Woo Jin-yung, director of the Korea Culture and Information Service
By Do Je-hae
The popularity of local culture, otherwise known as "hallyu", has brought along new challenges in promoting Korea to the outside world.
One of them is building online and offline database of hallyu, which the Korea Culture and Information Service (KOCIS), the state-run overseas PR agency, has started to embrace as key responsibilities.
In a recent interview with The Korea Times, KOCIS director Woo Jin-yung stressed the importance of proper records that chronicle the past, present and future of hallyu.
"It is vitally important to organize the achievements and visions of hallyu through books or other written materials, in a variety of language versions", the assistant culture minister said in the interview at his office near Gyeongbok Palace in Seoul.
KOCIS is dealing with the tasks of this critical phase in the hallyu movement, at a time when there are growing doubts from home and abroad about its longevity.
"When I met with heads of overseas Korean cultural centers earlier this year, a common concern they conveyed to me was the lack of proper written promotional materials in the language of the countries they are based in", Woo said. "A key project for us this year is to publish a book (in English and in Korean) on the history of hallyu". The tentative title is "The Korean Wave".
To make a case on the importance of promotional materials, he related to his experience as the head of the director of the Korean Cultural Center in New York from 2005 through 2007.
"In New York, I started a project with The New York Times to compile all of the newspaper's articles on Korea into a book on a yearly basis", Woo said.
The books are entirely in color, and the articles are presented in their original layout as printed in the newspaper.
"We distributed these books to universities with Korea studies program, including Harvard University, as well as libraries and research institutes. Some universities have chosen them as textbooks for introducing Korea", the former spokesman of the culture ministry said.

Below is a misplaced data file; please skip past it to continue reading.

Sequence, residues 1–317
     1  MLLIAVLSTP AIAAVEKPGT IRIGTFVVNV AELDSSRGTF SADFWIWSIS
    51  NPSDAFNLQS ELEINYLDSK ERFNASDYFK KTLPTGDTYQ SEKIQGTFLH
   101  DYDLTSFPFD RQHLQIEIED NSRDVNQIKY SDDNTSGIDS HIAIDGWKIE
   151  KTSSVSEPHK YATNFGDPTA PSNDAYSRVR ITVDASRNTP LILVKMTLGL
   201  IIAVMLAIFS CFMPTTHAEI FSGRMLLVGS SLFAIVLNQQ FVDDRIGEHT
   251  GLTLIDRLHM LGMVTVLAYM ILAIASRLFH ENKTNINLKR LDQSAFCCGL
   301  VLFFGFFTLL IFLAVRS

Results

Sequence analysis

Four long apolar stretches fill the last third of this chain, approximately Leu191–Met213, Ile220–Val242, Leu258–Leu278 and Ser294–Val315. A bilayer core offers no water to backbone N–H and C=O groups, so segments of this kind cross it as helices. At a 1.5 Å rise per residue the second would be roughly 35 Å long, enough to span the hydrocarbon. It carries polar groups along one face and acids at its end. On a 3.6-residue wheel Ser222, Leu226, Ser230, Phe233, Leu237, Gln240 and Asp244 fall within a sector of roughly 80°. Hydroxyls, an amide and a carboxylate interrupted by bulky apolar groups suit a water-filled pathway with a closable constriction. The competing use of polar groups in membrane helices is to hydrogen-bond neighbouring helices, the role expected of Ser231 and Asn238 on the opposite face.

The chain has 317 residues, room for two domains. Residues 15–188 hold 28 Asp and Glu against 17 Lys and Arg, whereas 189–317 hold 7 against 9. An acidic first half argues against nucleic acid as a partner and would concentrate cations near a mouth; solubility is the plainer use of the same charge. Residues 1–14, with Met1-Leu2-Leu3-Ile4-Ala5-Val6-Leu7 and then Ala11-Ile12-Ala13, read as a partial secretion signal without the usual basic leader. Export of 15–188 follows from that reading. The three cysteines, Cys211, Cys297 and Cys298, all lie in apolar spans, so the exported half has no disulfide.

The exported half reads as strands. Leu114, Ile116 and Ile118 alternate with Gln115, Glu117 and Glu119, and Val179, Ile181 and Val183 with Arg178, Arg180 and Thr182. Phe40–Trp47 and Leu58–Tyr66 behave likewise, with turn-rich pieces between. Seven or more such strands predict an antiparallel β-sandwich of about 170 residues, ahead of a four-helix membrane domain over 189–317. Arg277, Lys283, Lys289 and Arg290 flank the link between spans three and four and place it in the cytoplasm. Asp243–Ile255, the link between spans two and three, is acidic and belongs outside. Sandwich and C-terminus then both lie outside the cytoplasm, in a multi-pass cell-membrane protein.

Rapid industrialization since the 1970s has built what is now the world's 13th largest economy, but Korea remains desperate for cultural respect worldwide that matches its economic stature.
Officials will utilize the forthcoming London Olympics as an impactful global platform for spreading the best of Korean culture.
"A recent survey by the Presidential Council on Nation Branding shows suggests the European public remain largely unaware of Korea culture, even though K-pop has started to enter the continent. Additionally, the survey suggested that our traditional arts have gained little recognition outside Korea", Woo said.
Korea's previous Olympic experiences were focus on medal counts, but in London, Korea will also be devoted to introducing its culture with a focus on a third phase of hallyu that centers around traditional arts.
"By staging a promotional campaign in London with dignity, we hope to improve our national brand".
KOCIS will organize a 100-day promotional campaign for Korea entitled "All Eyes on Korea @ London Olympics" from June 2 to Sept. 9. Renowned artists including soprano Jo Su-mi, maestro Chung Myung-whun, "pansori" singer Lee Ja-ram and fashion designer Lee Sang-bong, will highlight the event at the Southbank Center.
Source : www.koreatimes.co.kr/... ( English Korean )
[Spoiler] "Lights and Shadows" Lee Pil-mo, "No one can have her if I can't"
Cha Soo-hyeok (Lee Pil-mo) swore he will not give up on Lee Jeong-hye (Nam Sang-mi). MBC drama "L,...More
Subscribe to HanCinema Pure to remove ads (not for episodes) for US$2.99 per month (you can cancel anytime).
The first step is to sign up as a member, please click here : Sign up, then a subscribe button will show.